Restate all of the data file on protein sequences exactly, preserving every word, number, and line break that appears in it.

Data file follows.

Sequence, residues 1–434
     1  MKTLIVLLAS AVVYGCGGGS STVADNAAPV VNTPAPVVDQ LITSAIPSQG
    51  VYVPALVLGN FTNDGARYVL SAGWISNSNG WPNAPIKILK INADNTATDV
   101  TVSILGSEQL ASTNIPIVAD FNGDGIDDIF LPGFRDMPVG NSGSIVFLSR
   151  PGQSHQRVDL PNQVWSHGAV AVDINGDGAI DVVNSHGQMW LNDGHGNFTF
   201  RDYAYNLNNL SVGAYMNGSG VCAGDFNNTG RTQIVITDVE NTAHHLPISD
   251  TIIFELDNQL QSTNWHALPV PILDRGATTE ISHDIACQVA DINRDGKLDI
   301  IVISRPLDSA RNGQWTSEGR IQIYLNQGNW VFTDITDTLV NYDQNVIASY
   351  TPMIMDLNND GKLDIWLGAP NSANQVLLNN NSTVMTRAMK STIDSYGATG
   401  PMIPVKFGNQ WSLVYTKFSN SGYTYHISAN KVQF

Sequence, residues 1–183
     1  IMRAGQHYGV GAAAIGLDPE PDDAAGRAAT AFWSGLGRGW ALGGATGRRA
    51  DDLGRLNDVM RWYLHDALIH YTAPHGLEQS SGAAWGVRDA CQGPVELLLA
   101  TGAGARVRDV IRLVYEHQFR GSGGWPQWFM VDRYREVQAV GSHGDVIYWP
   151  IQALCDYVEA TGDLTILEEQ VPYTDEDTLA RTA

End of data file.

Sequence, residues 1–434
     1  MKTLIVLLAS AVVYGCGGGS STVADNAAPV VNTPAPVVDQ LITSAIPSQG
    51  VYVPALVLGN FTNDGARYVL SAGWISNSNG WPNAPIKILK INADNTATDV
   101  TVSILGSEQL ASTNIPIVAD FNGDGIDDIF LPGFRDMPVG NSGSIVFLSR
   151  PGQSHQRVDL PNQVWSHGAV AVDINGDGAI DVVNSHGQMW LNDGHGNFTF
   201  RDYAYNLNNL SVGAYMNGSG VCAGDFNNTG RTQIVITDVE NTAHHLPISD
   251  TIIFELDNQL QSTNWHALPV PILDRGATTE ISHDIACQVA DINRDGKLDI
   301  IVISRPLDSA RNGQWTSEGR IQIYLNQGNW VFTDITDTLV NYDQNVIASY
   351  TPMIMDLNND GKLDIWLGAP NSANQVLLNN NSTVMTRAMK STIDSYGATG
   401  PMIPVKFGNQ WSLVYTKFSN SGYTYHISAN KVQF

Sequence, residues 1–183
     1  IMRAGQHYGV GAAAIGLDPE PDDAAGRAAT AFWSGLGRGW ALGGATGRRA
    51  DDLGRLNDVM RWYLHDALIH YTAPHGLEQS SGAAWGVRDA CQGPVELLLA
   101  TGAGARVRDV IRLVYEHQFR GSGGWPQWFM VDRYREVQAV GSHGDVIYWP
   151  IQALCDYVEA TGDLTILEEQ VPYTDEDTLA RTA